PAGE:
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Published December 25th 2016
The New Anna and Elsa?
With the juggernaut of big studio films launching Boxing Day, will English-language, French-Canadian release Ballerina find itself en pointe with moviegoers?
StudioCanal generally aligns itself with sophistication and this action-adventure family movie, directed by Eric Summer and Éric Warin, exudes this aura in terms of quality animation, clever writing and strong characterisations. Capitalising on the appeal of Elle Fanning, voicing heroine Félicie, and Sia's dancing muse Maddie Ziegler as nemesis Camille, Ballerina banks itself on star-pull and formulaic themes but delivers much more than your average wise-cracking animated tale.
From the opening frame of the film, the detail-laden realism of the 3D-animation sparkles on the screen. We are transported to a grandiose orphanage building in 19th Century Brittany where we meet the spirited Félicie, and her best friend Victor (voiced by star-on-the-rise Dane DeHaan). The two pre-teens dream of a life beyond the orphanage and neither are short of passion nor ambition, with Félicie wanting to dance ballet for the Paris Opera, and Victor searching for greatness as an inventor in the City of Lights.
An uplifting soundtrack and a hair-raising opening action sequence provide the customary amount of adventure to reel in a young audience, and like Frozen, the film focuses on an engaging female lead, positioning itself as aspirational, particularly for young girls.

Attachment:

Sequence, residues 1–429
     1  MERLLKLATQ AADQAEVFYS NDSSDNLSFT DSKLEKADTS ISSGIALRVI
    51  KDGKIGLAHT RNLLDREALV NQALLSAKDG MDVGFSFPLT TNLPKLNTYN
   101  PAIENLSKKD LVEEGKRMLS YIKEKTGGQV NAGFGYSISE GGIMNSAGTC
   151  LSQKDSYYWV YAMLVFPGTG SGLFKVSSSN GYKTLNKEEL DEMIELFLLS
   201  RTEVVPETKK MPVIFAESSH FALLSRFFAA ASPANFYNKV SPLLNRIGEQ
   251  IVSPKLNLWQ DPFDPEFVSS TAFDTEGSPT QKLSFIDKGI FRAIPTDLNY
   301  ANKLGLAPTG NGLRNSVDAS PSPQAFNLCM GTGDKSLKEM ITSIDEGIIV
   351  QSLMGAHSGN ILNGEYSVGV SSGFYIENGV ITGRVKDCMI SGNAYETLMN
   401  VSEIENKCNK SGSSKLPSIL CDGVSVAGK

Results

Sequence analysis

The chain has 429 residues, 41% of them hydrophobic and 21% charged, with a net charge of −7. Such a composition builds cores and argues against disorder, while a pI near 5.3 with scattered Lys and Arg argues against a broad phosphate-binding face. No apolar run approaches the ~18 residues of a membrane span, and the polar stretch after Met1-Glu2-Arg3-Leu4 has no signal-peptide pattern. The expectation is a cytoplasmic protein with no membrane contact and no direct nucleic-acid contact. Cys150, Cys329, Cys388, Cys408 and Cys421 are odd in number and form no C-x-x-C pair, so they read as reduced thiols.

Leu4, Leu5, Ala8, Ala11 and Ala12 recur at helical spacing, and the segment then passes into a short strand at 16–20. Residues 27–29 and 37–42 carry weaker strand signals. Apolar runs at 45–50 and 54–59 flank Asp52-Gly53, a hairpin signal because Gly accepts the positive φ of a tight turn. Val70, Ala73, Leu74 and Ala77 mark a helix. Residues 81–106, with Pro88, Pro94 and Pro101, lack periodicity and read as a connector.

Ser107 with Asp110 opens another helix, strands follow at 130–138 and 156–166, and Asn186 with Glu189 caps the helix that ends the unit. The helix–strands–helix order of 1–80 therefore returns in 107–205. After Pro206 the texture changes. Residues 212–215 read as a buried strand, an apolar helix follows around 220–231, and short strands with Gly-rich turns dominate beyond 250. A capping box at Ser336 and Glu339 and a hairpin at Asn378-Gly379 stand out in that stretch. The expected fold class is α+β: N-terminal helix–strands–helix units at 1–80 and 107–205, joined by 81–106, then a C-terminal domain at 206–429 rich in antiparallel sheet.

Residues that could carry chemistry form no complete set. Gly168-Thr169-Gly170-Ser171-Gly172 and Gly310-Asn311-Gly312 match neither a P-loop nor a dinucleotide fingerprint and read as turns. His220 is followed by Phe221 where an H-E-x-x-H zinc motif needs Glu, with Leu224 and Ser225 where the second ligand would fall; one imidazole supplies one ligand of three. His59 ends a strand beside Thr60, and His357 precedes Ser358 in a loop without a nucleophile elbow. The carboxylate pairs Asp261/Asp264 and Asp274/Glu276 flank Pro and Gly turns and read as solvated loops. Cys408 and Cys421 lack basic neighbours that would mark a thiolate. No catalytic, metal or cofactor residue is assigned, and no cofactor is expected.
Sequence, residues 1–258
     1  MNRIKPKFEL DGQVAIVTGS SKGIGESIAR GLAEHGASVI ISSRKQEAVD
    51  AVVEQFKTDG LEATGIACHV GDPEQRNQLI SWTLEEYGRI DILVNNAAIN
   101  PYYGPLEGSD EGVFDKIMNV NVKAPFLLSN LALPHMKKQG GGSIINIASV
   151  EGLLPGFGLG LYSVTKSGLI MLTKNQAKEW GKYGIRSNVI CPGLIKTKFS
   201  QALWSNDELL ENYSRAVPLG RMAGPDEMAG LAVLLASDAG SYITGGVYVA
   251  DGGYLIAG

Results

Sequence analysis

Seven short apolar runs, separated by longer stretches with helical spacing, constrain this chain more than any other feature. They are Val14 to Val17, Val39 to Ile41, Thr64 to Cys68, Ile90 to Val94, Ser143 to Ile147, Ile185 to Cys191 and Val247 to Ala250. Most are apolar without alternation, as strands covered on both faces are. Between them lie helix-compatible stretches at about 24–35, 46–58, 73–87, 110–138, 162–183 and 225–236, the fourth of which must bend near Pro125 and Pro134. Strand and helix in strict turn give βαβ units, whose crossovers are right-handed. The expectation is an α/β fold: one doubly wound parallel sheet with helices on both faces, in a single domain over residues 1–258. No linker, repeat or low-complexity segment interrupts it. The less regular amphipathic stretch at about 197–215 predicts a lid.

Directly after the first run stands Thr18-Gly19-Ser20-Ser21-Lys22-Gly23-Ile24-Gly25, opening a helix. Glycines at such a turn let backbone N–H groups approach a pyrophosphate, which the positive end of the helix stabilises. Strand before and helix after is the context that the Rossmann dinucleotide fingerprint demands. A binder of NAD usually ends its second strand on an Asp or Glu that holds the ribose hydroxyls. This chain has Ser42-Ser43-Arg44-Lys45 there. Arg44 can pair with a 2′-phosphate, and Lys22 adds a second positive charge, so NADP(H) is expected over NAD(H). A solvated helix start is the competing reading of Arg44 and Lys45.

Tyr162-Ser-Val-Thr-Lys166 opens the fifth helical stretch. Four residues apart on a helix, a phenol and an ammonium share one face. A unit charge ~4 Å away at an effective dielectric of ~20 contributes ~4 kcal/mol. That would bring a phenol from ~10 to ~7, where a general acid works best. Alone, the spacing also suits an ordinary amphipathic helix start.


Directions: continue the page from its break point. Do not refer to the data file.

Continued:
Studio Canal's promotional banner for the animated film, Ballerina
Once over the first hurdle, Félicie and Victor arrive in 1879 Paris, nostalgically depicted in gloriously vivid animation, positioning the movie in a bygone era, without for a moment becoming stuffy or old-fashioned.
What follows is a fast-paced narrative in which wide-eyed young girl takes on the big city with only her courage and her dreams, helped along the way by loyal friends (including DeHaan's Victor and Carly Rae Jepsen's Odette), and thwarted by spiteful villains (including Ziegler's Camille).
By the film's exciting denouement, you may feel you have ridden this rollercoaster before but is the film's optimism enough for you to overlook its lack of originality? It depends how you view the world but for Ballerina's target audience, this new offering fits the bill. It has all the wonder of vivacious colour, fairy-tale escapism, humour and love, with an inspirational and graceful celebration of ballet as an art form.
And for the parents in the room, brow-beaten by wisecracking, big studio films, this French-Canadian offering should come as a breath of fresh air. You will be drawn in by the magnificent setting and held by the genuinely funny dialogue and characterisations, skillfully written by Eric Summer, Carol Noble and Laurent Zeitoun.
So, if 2017 is the year for your daughter to graduate from Disney's Anna and Elsa, why not introduce her to Ballerina's Félicie and Camille? Watch the official movie trailer here